1/3/2020 0 Comments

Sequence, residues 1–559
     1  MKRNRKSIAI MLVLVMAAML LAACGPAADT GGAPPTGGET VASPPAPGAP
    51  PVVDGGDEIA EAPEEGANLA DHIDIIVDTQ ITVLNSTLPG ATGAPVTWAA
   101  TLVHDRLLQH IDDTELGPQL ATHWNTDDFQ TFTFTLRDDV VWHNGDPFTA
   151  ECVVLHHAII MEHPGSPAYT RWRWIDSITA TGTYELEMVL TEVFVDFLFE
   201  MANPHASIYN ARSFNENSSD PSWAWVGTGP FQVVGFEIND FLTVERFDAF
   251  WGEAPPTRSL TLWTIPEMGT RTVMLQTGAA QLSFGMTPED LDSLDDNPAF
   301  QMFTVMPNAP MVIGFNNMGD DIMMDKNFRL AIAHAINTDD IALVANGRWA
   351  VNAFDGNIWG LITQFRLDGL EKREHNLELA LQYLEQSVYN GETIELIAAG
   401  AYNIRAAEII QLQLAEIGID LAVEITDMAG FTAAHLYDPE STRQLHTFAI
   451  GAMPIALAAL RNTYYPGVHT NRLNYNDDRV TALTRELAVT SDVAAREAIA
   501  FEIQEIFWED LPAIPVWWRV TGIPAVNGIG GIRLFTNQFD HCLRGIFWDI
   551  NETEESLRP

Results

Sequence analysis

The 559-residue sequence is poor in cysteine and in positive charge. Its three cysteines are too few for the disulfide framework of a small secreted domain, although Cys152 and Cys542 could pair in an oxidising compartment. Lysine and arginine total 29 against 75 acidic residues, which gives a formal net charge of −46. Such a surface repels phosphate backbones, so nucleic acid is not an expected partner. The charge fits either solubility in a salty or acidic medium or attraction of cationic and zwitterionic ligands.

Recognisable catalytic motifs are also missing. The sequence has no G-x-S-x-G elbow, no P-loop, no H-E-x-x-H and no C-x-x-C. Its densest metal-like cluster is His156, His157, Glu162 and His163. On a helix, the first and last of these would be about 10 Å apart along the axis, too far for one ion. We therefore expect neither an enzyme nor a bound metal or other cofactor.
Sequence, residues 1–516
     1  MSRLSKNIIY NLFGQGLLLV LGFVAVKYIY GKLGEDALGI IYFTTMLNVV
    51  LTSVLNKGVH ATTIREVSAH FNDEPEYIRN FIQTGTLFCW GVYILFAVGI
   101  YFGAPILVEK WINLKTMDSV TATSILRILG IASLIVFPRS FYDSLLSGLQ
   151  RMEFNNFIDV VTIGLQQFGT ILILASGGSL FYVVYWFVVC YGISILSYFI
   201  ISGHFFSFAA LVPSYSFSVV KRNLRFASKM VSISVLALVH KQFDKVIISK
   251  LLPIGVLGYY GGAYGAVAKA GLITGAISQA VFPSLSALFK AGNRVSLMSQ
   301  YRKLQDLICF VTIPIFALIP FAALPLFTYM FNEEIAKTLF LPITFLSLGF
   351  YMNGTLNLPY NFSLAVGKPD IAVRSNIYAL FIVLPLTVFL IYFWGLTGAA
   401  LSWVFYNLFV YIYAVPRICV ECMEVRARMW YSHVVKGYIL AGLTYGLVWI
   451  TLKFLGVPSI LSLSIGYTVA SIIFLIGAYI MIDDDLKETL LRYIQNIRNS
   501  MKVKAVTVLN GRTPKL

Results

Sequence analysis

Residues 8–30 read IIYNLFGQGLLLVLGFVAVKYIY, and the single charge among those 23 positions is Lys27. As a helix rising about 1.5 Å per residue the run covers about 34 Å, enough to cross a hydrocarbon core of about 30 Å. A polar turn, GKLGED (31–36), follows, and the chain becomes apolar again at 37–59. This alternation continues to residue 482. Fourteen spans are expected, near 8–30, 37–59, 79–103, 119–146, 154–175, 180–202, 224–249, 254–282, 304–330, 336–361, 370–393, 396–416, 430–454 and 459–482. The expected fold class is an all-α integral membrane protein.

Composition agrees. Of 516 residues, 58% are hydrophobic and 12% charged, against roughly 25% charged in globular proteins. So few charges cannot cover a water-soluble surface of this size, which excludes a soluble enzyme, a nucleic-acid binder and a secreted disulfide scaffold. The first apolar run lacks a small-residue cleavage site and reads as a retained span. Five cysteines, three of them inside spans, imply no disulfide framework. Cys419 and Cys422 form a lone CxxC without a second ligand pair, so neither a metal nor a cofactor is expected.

Chief Bromden, a tall American-Indian mute is the central character that symbolizes the change throughout the text and also throughout society. Ken Kesey's One Flew Over the Cuckoo's Nest uses this character that is subject to change as the narrator event though his perceptions cannot be fully trusted. Â Initially the ward is run as if it was a prison ward, but from the moment the brawling, gambling McMurphy sets foot on the ward it is identified that he is going to cause havoc and provide change for the patients. McMurphy becomes a leader, a Christ like figure and the other patients are his disciples. The person who is objective to listen to his teachings at first is Chief Bromden (often called Bromden), but then he realizes that he is there to save them and joins McMurphy and the Acutes (meaning that they have possibility for rehabilitation and release) in the protest against Nurse Ratched, a bureaucratic woman who is the protagonist of the story, and the `Combine' (or society). Â Chief Bromden hallucinates the fog machine and Air Raids. They represent his mental clarity, it comes when he is less stable and recedes when he's more coherent. That is the first noticeable change by Bromden because of the receding hallucinations when McMurphy enters the ward; McMurphy usurps his power to change through charisma. Â By chapter 7 there is a small but subtle change to Bromden, he decides to go to sleep without taking the little red capsule, it seems as though he wishes to follow McMurphy. McMurphy is not taken in, by the `Combine' so Chief Bromden thinks by not taking the capsule he can perhaps escape the `Combine' and its power. Although he has a rather gruesome dream, whereby he sees one of the other patients, Blastic, being hung up on a hook and cut open. He thinks Blastic is being used as an experiment. Then Turkle, the night guard wakes Bromden. It is understood by the responder that Bromden has been taking the red capsule for a long time and suddenly to go `Cold Turkey', that is why he had such a wild dream. It does not definitely mean that he is crazy. Â The vote for the change in schedule, so the patients could watch the World Series is a turning point for Bromden, as it's the first time he reasserts himself as a functioning person.